Date: March 2, 2017
Location: Resch Center, Green Bay, Wisconsin
Commentators: Tom Phillips, Byron Saxton, R-Truth
It’s a month away from Wrestlemania and that means it’s time to watch some of the talent who has little chance of making it to the main shows more often than not. Raw has been up and down lately and I’m not sure why some of the bigger names from around here (work with me) hasn’t been bumped up to jobbers to the stars status on the big show. Let’s get to it.
Sin Cara vs. Bo Dallas
They trade some quick takedowns to start until Cara scores with his springboard elbow to the jaw. It’s WAY too early for the Swanton though and Cara has to settle for a running flip dive off the apron. Dallas sends him into the apron for a near countout, followed by his elevated swinging neckbreaker for two. He charges into raised boots in the corner though and the Swanton gives Cara the pin at 3:59.
Rating: D+. So much for Dallas being ready to move up to the main roster. I really don’t get how they decide the winners on this show as it really does feel like there’s no particular rhyme or reason to almost anything they do. Dallas is one of the regular big winners on this show and now he’s losing clean to Sin Cara in just a few minutes. TNA’s bad days had more consistent booking than this show.
Here’s Goldberg to get things going. He thanks the fans for their chants but gets straight to the point: he’s winning the title at Fastlane with his son cheering him on. This brings out Kevin Owens to say what he really thinks about Goldberg. When he got to this company, Owens promised to grab this company by the throat and show WWE what he was really about.
Then he beat John Cena in his first match, followed by beating Dean Ambrose, AJ Styles, Seth Rollins and the Big Dog himself, Roman Reigns. Now why should Goldberg be any different? Goldberg likes the speech and wants to fight right now but Owens doesn’t think Green Bay deserves to see him fight. They’ll fight on Sunday and the Goldberg chants die.
Back to Raw, which we never left!
We get a long video on the long history of HHH making Seth Rollins. They’ve been together for years but then Rollins hurt his knee which HHH referred to as dropping the ball. Rollins is injured but the question is can he get back in time.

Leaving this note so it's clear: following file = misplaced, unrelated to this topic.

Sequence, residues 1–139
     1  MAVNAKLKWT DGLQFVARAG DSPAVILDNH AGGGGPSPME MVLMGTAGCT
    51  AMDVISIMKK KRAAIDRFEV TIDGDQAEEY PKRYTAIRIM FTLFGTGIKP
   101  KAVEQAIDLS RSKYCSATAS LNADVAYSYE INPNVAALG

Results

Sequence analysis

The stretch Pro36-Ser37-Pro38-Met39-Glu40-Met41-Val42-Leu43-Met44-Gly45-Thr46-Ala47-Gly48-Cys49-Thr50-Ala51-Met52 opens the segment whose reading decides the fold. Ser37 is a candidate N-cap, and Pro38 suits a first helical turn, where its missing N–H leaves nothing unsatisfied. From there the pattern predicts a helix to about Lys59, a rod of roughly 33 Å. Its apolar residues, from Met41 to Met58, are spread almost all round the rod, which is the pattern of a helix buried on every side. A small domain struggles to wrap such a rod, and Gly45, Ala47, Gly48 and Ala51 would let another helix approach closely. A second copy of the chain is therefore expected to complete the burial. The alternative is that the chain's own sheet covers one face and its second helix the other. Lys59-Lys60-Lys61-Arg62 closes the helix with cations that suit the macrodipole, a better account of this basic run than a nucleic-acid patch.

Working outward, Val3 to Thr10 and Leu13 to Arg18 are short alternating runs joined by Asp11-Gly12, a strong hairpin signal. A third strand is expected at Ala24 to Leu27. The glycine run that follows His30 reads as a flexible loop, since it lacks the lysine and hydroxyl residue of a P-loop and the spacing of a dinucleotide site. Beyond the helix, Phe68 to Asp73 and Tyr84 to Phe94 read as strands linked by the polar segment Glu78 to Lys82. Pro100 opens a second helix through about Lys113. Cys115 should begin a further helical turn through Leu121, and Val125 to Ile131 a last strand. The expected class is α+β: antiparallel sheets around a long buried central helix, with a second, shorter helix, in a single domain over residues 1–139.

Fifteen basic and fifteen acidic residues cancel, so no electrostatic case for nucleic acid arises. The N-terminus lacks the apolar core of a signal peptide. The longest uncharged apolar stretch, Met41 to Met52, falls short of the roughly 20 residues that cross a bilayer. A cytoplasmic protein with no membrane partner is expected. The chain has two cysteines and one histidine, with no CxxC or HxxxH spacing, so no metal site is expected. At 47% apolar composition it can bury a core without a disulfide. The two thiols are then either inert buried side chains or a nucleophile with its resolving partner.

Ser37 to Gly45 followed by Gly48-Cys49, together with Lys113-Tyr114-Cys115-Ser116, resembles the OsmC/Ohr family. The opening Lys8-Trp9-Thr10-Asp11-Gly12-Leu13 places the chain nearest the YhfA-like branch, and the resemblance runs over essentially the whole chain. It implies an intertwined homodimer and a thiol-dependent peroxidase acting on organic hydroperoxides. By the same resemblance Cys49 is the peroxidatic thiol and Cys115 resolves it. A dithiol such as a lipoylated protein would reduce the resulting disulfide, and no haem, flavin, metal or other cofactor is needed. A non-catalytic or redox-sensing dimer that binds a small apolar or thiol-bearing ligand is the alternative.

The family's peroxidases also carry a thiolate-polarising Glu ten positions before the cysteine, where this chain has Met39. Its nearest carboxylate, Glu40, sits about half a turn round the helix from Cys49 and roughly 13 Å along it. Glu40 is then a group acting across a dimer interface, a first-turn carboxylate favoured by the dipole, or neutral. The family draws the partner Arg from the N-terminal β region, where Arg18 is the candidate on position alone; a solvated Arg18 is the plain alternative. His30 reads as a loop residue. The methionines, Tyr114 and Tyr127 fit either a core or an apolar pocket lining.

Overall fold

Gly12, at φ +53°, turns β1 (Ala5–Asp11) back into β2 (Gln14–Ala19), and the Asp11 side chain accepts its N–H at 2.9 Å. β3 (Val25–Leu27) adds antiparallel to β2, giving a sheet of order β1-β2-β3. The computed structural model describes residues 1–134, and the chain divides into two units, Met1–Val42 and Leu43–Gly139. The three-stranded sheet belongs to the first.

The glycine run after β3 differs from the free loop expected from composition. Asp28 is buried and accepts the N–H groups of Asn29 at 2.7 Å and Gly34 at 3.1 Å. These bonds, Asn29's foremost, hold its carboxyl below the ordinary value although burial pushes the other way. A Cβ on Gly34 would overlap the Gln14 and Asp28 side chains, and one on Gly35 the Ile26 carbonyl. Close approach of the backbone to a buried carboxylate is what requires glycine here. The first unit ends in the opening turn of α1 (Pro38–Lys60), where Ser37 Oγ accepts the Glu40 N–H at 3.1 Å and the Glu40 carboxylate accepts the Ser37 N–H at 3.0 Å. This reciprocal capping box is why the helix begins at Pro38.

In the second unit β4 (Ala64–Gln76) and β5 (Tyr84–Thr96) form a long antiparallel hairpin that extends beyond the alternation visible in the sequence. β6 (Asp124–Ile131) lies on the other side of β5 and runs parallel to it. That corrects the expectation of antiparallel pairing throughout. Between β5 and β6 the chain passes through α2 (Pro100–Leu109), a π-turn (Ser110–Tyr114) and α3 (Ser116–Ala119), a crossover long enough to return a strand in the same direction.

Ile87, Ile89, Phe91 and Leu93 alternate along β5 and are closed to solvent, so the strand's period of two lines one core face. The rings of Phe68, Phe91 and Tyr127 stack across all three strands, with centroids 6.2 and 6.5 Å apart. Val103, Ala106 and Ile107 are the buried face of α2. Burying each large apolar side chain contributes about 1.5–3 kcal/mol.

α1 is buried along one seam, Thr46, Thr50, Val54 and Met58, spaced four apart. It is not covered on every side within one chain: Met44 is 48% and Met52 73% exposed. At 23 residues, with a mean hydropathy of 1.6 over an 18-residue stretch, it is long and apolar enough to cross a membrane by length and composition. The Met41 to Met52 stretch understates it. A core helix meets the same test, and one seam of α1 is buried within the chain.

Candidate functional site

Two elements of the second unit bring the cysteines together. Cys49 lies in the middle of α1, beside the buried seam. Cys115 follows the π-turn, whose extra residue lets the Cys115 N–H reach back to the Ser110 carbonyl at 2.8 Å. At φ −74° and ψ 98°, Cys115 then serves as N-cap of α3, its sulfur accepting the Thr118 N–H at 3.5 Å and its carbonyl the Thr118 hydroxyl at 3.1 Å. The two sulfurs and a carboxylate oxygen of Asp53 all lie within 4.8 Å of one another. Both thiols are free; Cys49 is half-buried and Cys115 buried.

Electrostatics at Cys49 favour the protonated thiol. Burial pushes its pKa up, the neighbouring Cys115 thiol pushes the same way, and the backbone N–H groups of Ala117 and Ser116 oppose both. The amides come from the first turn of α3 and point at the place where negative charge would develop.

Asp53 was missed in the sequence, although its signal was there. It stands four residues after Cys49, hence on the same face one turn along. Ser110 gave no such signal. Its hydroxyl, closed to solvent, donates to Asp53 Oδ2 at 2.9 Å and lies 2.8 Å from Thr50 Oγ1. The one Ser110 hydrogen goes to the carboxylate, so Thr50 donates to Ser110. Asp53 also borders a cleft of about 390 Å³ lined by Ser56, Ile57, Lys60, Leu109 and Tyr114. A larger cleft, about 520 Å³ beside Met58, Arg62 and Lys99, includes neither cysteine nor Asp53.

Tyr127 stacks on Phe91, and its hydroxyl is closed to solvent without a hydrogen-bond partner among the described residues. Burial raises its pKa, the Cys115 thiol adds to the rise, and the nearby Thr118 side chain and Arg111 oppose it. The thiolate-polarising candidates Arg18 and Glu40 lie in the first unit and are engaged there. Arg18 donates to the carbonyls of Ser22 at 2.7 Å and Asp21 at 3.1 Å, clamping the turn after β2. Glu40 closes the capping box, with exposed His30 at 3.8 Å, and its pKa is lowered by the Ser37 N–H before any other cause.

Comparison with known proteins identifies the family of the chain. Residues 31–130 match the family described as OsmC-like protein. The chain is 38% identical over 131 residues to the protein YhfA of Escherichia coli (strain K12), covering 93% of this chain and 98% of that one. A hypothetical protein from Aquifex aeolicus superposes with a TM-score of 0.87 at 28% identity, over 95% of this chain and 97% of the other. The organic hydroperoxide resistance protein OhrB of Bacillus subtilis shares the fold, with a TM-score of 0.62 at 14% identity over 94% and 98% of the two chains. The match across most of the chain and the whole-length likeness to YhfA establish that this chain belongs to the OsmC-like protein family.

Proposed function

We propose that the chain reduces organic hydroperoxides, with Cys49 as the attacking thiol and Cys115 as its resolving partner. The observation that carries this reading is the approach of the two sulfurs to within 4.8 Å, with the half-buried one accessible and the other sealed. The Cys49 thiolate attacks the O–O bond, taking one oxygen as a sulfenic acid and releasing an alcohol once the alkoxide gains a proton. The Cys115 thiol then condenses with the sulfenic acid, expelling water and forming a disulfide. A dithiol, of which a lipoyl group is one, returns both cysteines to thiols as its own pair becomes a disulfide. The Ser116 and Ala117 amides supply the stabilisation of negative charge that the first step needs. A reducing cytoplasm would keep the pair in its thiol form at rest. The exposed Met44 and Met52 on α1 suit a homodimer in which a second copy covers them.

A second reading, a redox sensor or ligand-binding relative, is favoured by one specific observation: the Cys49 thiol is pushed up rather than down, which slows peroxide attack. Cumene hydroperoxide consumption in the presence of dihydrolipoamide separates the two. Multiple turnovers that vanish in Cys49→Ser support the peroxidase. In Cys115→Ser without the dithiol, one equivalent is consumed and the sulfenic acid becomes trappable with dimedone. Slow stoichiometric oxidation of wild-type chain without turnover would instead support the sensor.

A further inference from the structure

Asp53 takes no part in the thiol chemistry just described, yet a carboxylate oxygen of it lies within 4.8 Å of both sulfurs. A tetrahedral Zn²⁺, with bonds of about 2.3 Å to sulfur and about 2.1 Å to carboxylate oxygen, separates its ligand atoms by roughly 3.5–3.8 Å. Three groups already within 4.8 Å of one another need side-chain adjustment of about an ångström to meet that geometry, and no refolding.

Here’s Rollins, on crutches, for a sitdown interview with Corey Graves. He doesn’t know where he is mentally now but it seems that he’s in Chicago because we get a freaking CM PUNK chant. Thankfully it’s loudly booed and Seth can get back to the point. He’s not sure if he can continue at this point and as of right now, the doctors haven’t cleared him for Wrestlemania.
This brings out HHH and Samoa Joe with the former talking about how Rollins has no idea what he’s doing here. HHH knows Rollins isn’t going to Wrestlemania because that’s how he is. It was HHH who handed him the title and then Rollins bit the hand that feeds him. Rollins didn’t mind reaping the benefits along the way but now he’s treating HHH like this.
Seth needs to make the right decision and not come to Wrestlemania because HHH is done playing with him. If Rollins shows up there, it’s the last thing he’ll ever do in a WWE ring. HHH goes to leave but Seth cuts him off and says he’ll be in Orlando and it’s going to be the last thing HHH ever does.
Ariya Daivari vs. Gran Metalik
Daivari takes him down by the arm and we’re off to a break thirty seconds in. Back with Ariya missing a splash in the corner and getting caught with a middle rope hurricanrana. They trade some hard strikes to the face before Daivari grabs a Rainmaker of all things for two. Why is it for two? BECAUSE THE RAINMAKER IS JUST A CLOTHESLINE! Not that it matters as the Metalik Driver is good for the pin at 6:38. Not enough to rate but this was nothing too special anyway. I do like Metalik though.
And now, the grand finale.
It’s time for the contract signing with Mick Foley running the show. Strowman doesn’t think much of him and says he would have respected him back in the day when Foley was competition. Foley finally snaps and yells at Strowman, basically threatening to get physical because he’s still a legend, even if he won’t be the General Manager that much longer.
Cue Reigns to start the fight, which quickly heads into the crowd. Strowman beats on him even more until Reigns spears him through the barricade and a security guard in the process. Back in and Reigns stops to sign the contract but gets sent into the corner so hard that the top rope breaks. Strowman leaves and Reigns signs to end the show.
Overall Rating: D+. If you ignore the Main Event exclusive stuff, this was a good go home show for Fastlane. Unfortunately that’s only kind of what this show is supposed to be, though I’m assuming the short second break was there for the sake of the long HHH vs. Rollins segment. This really does serve as a good recap of Raw but if you’ve already watched that show, there’s no need to ever watch Main Event.
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